Sequences and Summations. Niloufar Shafiei

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1 Sequences and Summations Niloufar Shafiei

2 Sequences A sequence is a discrete structure used to represent an ordered list. 1

3 Sequences A sequence is a function from a subset of the set integers (usually {0,1,2, } or {1,2,3, }) to a set S. a n is denoted the image of integer n. a n is called a term of the sequence. The notation {a n } describes the sequence. Seq i A Z B a i 2

4 Sequences (example) Consider is the sequence {n 2 }. The list of the terms of this sequence is : 1,4,9,16, Consider is the sequence {1/n}. The list of the terms of this sequence is : 1,1/2,1/3,1/4, 3

5 Geometric progression A geometric progression is a sequence of the form a, ar, ar 2,., ar n, Where the initial term a and the common ratio r are real numbers. {ar n } describes a geometric progression. 4

6 Geometric progression (example) Is {(-1) n } geometric progression? 1,-1,1,-1, Yes, a=1 and r=-1 Is {2(5) n } geometric progression? 2,10,50,250, Yes, a=2 and r=5 Is {6(1/3) n } geometric progression? 6,2,2/3,2/9, Yes, a=6 and r=1/3 5

7 Arithmetic progression An arithmetic progression is a sequence of the form a, a+d, a+2d,., a+nd, Where the initial term a and the common difference d are real numbers. {a+dn} describes a geometric progression. 6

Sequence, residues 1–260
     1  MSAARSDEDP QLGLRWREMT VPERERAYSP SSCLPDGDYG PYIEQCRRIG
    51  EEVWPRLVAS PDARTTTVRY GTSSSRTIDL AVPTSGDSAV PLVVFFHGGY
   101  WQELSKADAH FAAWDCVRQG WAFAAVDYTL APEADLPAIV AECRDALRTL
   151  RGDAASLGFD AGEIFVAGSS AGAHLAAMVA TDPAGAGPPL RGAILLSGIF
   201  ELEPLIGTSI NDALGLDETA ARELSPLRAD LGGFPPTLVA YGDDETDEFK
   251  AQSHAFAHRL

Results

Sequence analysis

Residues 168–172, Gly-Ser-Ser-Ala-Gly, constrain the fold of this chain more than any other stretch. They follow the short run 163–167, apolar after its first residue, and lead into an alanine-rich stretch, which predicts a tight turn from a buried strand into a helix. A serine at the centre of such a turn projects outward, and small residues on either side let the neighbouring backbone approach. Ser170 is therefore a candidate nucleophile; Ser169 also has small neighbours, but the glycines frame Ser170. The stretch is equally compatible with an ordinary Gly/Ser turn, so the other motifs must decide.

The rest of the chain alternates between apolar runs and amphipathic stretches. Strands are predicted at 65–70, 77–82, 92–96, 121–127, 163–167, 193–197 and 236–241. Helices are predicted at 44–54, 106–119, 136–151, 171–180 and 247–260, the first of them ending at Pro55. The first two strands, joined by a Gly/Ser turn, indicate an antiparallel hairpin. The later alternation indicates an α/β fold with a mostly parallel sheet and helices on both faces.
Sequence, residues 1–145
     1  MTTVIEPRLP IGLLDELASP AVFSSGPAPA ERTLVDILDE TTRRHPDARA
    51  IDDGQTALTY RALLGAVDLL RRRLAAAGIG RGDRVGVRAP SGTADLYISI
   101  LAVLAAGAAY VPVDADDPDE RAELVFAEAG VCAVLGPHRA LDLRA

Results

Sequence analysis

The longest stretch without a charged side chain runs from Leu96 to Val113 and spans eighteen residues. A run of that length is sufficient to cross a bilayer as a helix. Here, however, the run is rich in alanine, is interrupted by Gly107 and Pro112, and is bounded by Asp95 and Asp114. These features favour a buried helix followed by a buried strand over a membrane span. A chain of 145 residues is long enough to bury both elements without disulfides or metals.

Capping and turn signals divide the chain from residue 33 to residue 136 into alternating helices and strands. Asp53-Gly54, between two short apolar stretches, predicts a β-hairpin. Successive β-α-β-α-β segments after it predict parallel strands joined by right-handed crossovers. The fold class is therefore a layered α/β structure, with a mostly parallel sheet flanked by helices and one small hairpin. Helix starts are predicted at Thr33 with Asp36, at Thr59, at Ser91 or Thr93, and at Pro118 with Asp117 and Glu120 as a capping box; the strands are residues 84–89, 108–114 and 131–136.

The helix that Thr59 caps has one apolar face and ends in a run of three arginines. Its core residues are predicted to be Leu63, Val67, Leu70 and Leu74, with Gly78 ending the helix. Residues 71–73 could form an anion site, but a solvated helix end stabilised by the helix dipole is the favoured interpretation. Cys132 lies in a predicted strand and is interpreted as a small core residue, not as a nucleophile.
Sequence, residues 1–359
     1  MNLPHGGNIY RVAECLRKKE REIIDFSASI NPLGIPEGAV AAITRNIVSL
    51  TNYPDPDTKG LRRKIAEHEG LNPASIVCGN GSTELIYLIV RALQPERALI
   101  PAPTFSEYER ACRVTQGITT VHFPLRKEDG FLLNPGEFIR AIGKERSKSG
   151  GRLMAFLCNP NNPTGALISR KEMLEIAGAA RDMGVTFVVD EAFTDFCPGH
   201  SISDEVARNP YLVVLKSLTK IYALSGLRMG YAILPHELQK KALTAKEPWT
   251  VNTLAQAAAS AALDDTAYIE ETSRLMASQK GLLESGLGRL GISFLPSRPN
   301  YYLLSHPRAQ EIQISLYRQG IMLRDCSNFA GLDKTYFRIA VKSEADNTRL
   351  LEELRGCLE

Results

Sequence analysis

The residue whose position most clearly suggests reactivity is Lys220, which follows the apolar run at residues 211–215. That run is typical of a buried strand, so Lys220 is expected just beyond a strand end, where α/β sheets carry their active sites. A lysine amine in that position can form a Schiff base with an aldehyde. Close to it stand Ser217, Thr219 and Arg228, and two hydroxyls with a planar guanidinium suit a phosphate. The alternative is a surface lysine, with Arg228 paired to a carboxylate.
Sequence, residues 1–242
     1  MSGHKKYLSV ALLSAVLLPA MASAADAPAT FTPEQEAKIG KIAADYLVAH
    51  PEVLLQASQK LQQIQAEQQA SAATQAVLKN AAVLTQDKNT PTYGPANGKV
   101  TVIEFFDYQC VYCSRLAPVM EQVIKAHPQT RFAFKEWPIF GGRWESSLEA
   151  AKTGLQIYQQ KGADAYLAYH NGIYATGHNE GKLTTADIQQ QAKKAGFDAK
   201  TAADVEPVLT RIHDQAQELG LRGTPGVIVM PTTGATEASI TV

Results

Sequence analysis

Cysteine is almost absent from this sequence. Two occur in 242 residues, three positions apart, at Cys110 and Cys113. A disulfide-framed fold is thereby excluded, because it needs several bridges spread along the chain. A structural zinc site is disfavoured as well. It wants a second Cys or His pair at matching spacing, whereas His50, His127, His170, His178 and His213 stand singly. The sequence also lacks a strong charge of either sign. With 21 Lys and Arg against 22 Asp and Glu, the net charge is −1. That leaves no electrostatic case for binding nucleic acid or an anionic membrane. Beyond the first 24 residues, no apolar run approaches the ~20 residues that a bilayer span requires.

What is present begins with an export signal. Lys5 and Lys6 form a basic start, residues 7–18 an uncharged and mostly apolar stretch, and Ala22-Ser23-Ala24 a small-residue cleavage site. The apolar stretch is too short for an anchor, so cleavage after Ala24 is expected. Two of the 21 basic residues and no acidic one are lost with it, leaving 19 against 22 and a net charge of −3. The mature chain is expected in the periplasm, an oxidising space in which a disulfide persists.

8 Arithmetic progression (example) Is {-1+4n} Arithmetic progression? -1,3,7,11, Yes, a=-1 and d=4 Is {7-3n} Arithmetic progression? 7,4,1,-2, Yes, a=7 and d=-3 7

9 String Finite sequences of form a 1,a 2,,a n are called strings. The length of a string is the number of terms in the string. The empty string has no terms and its length is zero. Example: abcd is a string of length four. 8

10 Sequences (example) Find a formula for the following sequence. 1, 1/2, 1/4, 1/8, 1/16, Solution: {1/2 n } It is a geometric progression. a=1 and r=1/2 9

11 Sequences (example) Find formula for the following sequence. 1, 3, 5, 7, 9, Solution: {1+2n} It is an arithmetic progression. a=1 and d=2 10

12 Sequences (example) Find formula for the following sequence. 1, -1, 1, -1, 1, Solution: {(-1) n } It is a geometric progression. a=1 and r=-1 11

13 Sequences (example) How can you produce the terms of the following sequence? 1, 2, 2, 3, 3, 3, 4, 4, 4, 4, Solution: A rule for generating this sequence is that integer n appears exactly n times. 12

14 Sequences (example) How can you produce the terms of the following sequence? 5, 11, 17, 23, 29, 35, 41, Solution: A rule for generating this sequence is 5+6(n). It is an arithmetic progression. a=5 and d=6 13

15 Useful sequences {n 2 } 1, 4, 9, 16, 25, 36, 49, {n 3 } 1,8,27,64,125,216,343,512, {2 n } 2,4,8,16,32,64,128,256, {3 n } 3,9,27,81,243,729,2187, 14

16 Sequences (example) Find formula for the following sequence. 1, 7, 25, 79, 241, 727, 2185, Solution: Compare it to {3 n }. {3 n -2 } 15

17 Summations The sum of the terms a m, a m+1,, a n from the sequence {a n } is: a m + a m a n n a j j=m m j n a j donates summation and j is the index of summation. m is lower limit and n is upper limit. 16

18 Summations (example) Express the sum of the first 100 terms of the sequence {1/n} for n=1,2,3,. Solution: 1/k 100 k=1 17

19 Summations (example) What is the value of i 2 Solution: 3 i 2 = = 14 i=1 3 i=1 18